If the raison d'être for involuntary out-patient treatment is to solve the problems of the revolving door patient by maintaining these individuals in the community, then hospitalisation is the most appropriate measure. If, however, the goal is to reduce morbidity and mortality or to improve the quality of patients' lives, then other measures are more suitable. A number of the studies have looked at outcomes apart from hospitalisation, including adherence to follow-up treatment, violent behaviour, quality of life, stability of residence and ability to work.
Hospitalisation as the outcome measure
Most studies have demonstrated a reduction in hospital utilisation associated with involuntary out-patient treatment (Reference BurstenBursten, 1986; Reference Zanni and DeveauZanni & deVeau, 1986; Reference Van Putten, Santiago and BerrenVan Putten et al, 1988; Reference Fernandez and NygardFernandez & Nygard, 1990; Reference Sensky, Hughes and HirschSensky et al, 1991; Reference Munetz, Grande and KleistMunetz et al, 1996; Reference O'KEEFE, Potenza and MueserO'Keefe et al, 1997; Reference Geller, Grudzinskas and McDermeitGeller et al, 1998; Reference Steadman, Gounis and DennisSteadman et al, 2001) although in some this reduction was not statistically significant (Reference Steadman, Gounis and DennisSteadman et al, 2001). The study by Bursten is sometimes quoted as failing to demonstrate significant reduction in hospital utilisation, but it is a complex study where the involuntary out-patient treatment patients showed significantly reduced rates of hospital utilisation compared with only one of two control groups. One study from North Carolina reported a non-significant increase in hospitalisation with involuntary out-patient treatment (Reference Hiday and Scheid-CookHiday & Scheid-Cook, 1989).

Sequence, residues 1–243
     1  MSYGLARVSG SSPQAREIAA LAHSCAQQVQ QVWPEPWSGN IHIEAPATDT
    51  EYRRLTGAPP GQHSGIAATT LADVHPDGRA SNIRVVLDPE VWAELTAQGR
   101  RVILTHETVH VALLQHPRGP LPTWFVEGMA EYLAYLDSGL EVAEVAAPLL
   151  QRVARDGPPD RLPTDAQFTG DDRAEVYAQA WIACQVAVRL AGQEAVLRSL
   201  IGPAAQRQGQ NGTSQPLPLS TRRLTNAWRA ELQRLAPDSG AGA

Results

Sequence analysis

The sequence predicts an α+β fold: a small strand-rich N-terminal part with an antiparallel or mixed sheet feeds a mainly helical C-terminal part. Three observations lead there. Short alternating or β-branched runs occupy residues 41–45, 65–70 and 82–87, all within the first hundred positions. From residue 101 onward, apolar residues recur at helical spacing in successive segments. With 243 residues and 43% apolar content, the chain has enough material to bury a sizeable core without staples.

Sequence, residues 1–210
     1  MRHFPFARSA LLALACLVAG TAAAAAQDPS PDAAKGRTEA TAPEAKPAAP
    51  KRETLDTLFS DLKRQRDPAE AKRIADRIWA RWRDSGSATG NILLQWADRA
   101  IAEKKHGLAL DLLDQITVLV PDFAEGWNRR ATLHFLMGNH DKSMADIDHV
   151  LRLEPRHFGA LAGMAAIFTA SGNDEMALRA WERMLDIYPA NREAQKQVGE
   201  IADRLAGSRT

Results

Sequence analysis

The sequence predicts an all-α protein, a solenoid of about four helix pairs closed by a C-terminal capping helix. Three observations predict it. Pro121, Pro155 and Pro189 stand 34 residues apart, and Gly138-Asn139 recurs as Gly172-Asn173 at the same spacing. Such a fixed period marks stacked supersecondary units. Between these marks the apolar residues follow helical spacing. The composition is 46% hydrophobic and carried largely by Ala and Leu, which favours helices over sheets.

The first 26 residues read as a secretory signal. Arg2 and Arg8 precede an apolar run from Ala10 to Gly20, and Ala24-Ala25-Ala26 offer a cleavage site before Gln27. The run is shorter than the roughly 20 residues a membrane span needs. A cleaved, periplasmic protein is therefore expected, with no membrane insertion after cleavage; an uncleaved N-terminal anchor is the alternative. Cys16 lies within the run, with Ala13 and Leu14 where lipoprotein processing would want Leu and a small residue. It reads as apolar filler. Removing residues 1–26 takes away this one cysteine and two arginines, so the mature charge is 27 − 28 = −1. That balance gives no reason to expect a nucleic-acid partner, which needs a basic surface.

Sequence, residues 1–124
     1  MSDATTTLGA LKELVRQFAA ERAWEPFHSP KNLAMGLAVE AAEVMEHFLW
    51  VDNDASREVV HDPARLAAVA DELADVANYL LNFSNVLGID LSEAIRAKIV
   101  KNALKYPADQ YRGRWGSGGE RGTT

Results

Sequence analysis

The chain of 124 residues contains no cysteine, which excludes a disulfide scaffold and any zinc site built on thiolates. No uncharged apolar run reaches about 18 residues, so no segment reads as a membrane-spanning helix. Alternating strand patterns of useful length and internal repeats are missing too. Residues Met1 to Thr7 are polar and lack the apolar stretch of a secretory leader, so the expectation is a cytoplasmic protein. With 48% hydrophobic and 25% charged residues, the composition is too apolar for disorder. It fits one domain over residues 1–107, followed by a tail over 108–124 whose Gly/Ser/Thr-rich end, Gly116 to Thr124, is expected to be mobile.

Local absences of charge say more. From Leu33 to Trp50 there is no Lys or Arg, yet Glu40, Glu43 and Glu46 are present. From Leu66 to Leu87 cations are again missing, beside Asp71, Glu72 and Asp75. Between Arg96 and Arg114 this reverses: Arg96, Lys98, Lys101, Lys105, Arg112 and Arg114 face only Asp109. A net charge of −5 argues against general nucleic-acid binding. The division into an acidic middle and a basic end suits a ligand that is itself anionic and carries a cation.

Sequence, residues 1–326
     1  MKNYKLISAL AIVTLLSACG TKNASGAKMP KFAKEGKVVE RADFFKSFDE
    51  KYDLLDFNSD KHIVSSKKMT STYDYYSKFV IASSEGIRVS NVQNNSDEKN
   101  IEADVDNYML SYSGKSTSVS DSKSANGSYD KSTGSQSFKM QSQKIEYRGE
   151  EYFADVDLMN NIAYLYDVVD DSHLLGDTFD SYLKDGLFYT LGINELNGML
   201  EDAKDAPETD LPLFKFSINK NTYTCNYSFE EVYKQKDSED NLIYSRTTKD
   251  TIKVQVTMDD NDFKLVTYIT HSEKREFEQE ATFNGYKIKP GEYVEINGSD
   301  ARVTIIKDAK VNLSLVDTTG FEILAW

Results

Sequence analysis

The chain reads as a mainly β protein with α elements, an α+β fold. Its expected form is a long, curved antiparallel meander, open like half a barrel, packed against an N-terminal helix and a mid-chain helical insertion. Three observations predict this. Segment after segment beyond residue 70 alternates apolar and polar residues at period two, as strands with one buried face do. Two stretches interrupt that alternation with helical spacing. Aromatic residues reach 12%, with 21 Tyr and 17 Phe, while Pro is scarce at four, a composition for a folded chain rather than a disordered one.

Some of these studies have methodological weaknesses such as unclear definition of the target population, selection bias, small sample size and lack of uniform enforcement of involuntary out-patient treatment provisions. However, the major methodological problem is that a number of these studies use a ‘pre v. post’ design, where patients act as their own controls (Reference O'KEEFE, Potenza and MueserO'Keefe et al, 1997; Reference Fernandez and NygardFernandez & Nygard, 1990; Reference Sensky, Hughes and HirschSensky et al, 1991; Reference Munetz, Grande and KleistMunetz et al, 1996; Reference Zanni and DeveauZanni and deVeau 1986; Reference Rohland, Rohrer and RichardsRohland et al, 2000). This methodology ignores the possibility of temporal changes in rates of hospitalisation. Indeed, we know that the availability of psychiatric beds in the US has been progressively decreasing (Reference TorreyTorrey, 1997).